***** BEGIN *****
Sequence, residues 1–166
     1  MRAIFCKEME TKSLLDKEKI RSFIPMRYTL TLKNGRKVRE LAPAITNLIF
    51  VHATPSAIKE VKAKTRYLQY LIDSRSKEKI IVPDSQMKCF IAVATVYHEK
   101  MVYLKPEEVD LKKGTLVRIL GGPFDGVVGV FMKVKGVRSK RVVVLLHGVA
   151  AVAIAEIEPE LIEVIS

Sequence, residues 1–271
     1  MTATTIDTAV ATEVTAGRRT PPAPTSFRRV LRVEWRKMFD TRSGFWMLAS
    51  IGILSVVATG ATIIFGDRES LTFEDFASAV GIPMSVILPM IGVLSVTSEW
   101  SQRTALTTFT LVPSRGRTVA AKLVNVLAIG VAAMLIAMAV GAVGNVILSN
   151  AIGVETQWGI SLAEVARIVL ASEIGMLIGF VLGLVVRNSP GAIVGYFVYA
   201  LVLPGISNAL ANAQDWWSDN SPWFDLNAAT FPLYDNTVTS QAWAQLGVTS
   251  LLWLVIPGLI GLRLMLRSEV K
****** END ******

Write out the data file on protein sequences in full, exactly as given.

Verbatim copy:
Sequence, residues 1–166
     1  MRAIFCKEME TKSLLDKEKI RSFIPMRYTL TLKNGRKVRE LAPAITNLIF
    51  VHATPSAIKE VKAKTRYLQY LIDSRSKEKI IVPDSQMKCF IAVATVYHEK
   101  MVYLKPEEVD LKKGTLVRIL GGPFDGVVGV FMKVKGVRSK RVVVLLHGVA
   151  AVAIAEIEPE LIEVIS

Sequence, residues 1–271
     1  MTATTIDTAV ATEVTAGRRT PPAPTSFRRV LRVEWRKMFD TRSGFWMLAS
    51  IGILSVVATG ATIIFGDRES LTFEDFASAV GIPMSVILPM IGVLSVTSEW
   101  SQRTALTTFT LVPSRGRTVA AKLVNVLAIG VAAMLIAMAV GAVGNVILSN
   151  AIGVETQWGI SLAEVARIVL ASEIGMLIGF VLGLVVRNSP GAIVGYFVYA
   201  LVLPGISNAL ANAQDWWSDN SPWFDLNAAT FPLYDNTVTS QAWAQLGVTS
   251  LLWLVIPGLI GLRLMLRSEV K